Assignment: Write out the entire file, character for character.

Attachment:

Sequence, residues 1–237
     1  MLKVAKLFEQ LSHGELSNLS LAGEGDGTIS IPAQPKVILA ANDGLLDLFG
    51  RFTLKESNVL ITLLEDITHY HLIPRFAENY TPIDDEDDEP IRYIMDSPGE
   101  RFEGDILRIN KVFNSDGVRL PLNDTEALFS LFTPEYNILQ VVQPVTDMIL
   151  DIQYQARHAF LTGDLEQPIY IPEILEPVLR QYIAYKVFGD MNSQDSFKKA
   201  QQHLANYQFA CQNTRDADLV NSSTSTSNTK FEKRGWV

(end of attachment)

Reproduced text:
Sequence, residues 1–237
     1  MLKVAKLFEQ LSHGELSNLS LAGEGDGTIS IPAQPKVILA ANDGLLDLFG
    51  RFTLKESNVL ITLLEDITHY HLIPRFAENY TPIDDEDDEP IRYIMDSPGE
   101  RFEGDILRIN KVFNSDGVRL PLNDTEALFS LFTPEYNILQ VVQPVTDMIL
   151  DIQYQARHAF LTGDLEQPIY IPEILEPVLR QYIAYKVFGD MNSQDSFKKA
   201  QQHLANYQFA CQNTRDADLV NSSTSTSNTK FEKRGWV